Two further ETCs are set to launch, with nickel and copper funds available. Photo: Norilsk Nickel
Norilsk Nickel, the world’s largest producer of palladium and high-grade nickel, has launched a series of exchange-traded commodities (ETCs), offering investors access to physically backed metals.
The firm, which was forced to pay a record $2.1bn fine for an environmental disaster only last year, has become the first mining company to launch physically-backed ETCs.
Its first four ETCs, managed by the Global Palladium fund and issued by Ridgex, offer investors access to gold for a management fee of 0.145%, and silver, palladium and platinum for a fee of 0.2% each.
Two further ETCs are set to launch, with nickel and copper funds available for fees of 0.75% and 0.85% respectively.
The ETCs will utilise bBlockchain to record bar information in addition to the traditional recording processes used by the custodian, and the firm has stated they will have a “strong focus” on ESG, only using suppliers and producers who support the UN Sustainable Development Goals.
Norilsk Nickel has tried to improve its environmental image recently, but alongside the $2.1bn fine which it initially refused to pay, the firm received a public admonishment from Russian president Vladimir Putin as a result of a fuel spill which saw 21,163 metric tons of diesel flood the area surrounding a power plant in May 2020.
According to data from Util, 100% of Norilsk Nickel’s $14bn revenue negatively impacts the world according to goals 13 (climate action) and 15 (life on land) of the UN SDGs.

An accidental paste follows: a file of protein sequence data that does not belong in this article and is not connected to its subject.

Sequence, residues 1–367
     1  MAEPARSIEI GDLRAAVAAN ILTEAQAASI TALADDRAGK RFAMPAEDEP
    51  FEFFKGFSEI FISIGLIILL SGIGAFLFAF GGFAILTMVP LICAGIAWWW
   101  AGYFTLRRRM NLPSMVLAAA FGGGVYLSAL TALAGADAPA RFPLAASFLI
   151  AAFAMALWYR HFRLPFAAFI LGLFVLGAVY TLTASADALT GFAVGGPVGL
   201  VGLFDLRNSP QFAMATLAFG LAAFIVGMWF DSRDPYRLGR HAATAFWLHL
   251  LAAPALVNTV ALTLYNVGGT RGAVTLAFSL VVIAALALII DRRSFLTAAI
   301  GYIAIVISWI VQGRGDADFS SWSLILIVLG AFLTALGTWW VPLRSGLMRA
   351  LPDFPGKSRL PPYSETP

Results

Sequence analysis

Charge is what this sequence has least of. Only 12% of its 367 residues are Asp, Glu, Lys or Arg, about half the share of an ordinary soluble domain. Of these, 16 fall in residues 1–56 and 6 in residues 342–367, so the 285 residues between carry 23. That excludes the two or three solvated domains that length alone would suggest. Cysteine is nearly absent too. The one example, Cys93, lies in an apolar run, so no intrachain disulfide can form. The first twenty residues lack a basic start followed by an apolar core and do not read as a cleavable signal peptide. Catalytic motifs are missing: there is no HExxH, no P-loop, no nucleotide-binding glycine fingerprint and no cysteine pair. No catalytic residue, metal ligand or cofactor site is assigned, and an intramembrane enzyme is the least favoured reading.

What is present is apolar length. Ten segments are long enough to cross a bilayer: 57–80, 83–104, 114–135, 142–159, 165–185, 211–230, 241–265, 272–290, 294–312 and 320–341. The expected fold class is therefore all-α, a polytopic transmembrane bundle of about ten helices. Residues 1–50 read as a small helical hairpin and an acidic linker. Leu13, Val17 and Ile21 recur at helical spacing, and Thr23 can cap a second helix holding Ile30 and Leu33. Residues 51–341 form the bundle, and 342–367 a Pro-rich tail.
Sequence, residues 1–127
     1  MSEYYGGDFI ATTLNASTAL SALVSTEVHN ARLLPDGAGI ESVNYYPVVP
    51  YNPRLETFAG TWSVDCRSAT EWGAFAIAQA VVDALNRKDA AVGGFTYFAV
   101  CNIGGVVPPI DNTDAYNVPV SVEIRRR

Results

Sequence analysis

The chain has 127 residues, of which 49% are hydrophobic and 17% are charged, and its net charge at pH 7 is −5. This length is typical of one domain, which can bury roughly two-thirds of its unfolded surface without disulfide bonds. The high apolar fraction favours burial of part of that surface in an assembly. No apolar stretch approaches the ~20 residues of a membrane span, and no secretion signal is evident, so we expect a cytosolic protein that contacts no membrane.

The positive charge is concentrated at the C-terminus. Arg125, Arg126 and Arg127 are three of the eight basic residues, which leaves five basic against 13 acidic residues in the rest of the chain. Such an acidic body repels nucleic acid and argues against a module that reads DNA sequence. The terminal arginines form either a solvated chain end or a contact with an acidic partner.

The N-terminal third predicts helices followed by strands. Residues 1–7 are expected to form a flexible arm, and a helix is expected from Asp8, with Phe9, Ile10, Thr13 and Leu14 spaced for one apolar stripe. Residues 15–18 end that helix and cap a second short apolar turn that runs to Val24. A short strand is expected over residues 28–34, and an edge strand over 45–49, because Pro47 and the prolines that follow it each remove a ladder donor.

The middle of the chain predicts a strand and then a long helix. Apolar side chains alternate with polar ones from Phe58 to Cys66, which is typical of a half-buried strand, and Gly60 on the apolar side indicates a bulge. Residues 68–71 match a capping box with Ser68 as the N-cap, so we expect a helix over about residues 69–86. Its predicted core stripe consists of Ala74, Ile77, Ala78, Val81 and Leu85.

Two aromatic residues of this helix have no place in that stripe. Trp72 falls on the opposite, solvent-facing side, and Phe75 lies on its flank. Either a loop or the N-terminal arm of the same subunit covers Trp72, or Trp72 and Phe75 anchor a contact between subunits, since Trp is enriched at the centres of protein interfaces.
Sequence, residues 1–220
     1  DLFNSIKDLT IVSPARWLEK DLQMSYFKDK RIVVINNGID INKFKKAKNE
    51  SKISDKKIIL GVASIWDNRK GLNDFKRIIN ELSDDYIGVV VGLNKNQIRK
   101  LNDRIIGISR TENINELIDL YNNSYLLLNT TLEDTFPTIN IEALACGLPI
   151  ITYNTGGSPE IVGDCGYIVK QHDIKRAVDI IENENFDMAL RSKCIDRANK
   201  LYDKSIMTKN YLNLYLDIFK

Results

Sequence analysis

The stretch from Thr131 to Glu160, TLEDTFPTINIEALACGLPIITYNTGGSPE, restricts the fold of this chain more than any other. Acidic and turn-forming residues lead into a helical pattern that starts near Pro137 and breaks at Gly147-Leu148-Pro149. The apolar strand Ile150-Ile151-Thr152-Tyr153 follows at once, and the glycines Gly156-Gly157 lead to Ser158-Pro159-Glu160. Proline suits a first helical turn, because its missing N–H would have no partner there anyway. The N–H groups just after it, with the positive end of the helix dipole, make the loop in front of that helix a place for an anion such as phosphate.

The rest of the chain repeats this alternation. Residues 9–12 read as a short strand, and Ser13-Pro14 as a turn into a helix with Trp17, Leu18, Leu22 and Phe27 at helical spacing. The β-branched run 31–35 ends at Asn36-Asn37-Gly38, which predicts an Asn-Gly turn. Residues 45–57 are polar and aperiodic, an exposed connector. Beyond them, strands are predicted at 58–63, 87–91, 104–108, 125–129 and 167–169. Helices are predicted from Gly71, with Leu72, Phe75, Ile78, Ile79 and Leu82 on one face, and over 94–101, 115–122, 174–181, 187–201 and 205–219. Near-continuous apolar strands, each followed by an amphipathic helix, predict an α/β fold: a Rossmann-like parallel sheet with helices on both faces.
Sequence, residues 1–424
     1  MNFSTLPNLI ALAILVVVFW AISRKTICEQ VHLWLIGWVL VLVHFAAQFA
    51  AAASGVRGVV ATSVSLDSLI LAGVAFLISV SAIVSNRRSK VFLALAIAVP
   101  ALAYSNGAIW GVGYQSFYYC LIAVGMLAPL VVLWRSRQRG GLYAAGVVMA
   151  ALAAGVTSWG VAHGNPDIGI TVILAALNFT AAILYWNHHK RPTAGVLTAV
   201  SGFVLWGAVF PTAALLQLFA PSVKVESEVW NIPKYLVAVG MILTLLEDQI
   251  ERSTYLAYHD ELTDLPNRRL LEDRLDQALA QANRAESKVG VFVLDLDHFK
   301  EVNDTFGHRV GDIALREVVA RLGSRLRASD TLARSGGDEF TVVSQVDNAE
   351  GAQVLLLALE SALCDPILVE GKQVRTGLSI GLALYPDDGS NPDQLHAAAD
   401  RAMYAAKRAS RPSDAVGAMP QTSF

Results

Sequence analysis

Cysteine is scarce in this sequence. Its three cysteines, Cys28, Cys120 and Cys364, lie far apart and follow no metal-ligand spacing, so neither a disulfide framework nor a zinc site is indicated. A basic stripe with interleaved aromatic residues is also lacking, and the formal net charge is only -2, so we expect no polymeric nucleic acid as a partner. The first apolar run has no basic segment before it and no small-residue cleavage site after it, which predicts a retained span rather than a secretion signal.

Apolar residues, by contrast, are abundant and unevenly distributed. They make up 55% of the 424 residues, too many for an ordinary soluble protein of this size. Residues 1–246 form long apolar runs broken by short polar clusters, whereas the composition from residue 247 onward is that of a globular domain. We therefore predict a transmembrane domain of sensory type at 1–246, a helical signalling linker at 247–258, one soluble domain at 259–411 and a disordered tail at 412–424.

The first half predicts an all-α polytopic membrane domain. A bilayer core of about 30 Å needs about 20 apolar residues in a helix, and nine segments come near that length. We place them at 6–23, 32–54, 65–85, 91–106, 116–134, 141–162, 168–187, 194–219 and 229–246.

Alexander Stoyanov, CEO of Global Pallidum fund, said: “Our way of digitalisation of commodities allows one to capture and trace the source of underlying metals and the way they were produced, coupled with ESG credentials.
“Nornickel, whose products we carry, sets a new standard for responsible mining by fully endorsing the UN2030 charter and the existing LBMA source of metal standards. This gives our ETC platform a market-leading position and a clear differentiator.”
Anton Berlin, vice president, sales and distribution at Norilks Nickel, added: “The exchange-traded products carry the benefit of financial assets with no restrictions pertaining to investing in LME deliverable metal and issuing warrants. They offer investors competitive cost of ownership and transaction fees”.
Patrick Wood Uribe, chief executive of Util, said: “The company highlights its own metrics on some SDGs, some of which are commendable in their own right and are initiatives that are important — a good example is that they provide wellness programmes and health insurance to employees, and align this with SDG 3 (Good Health and Well-Being).
“While it is obviously worth doing, the contribution to SDG 3 is not as strong as it seems, as this does not take into account the impact of the company’s core revenue-generating activities in mining: these activities have significant consequences in water and air pollution, soil contamination, and deforestation, all of which create negative impacts on SDG 3 (hence Util’s negative revenue alignment on the chart).”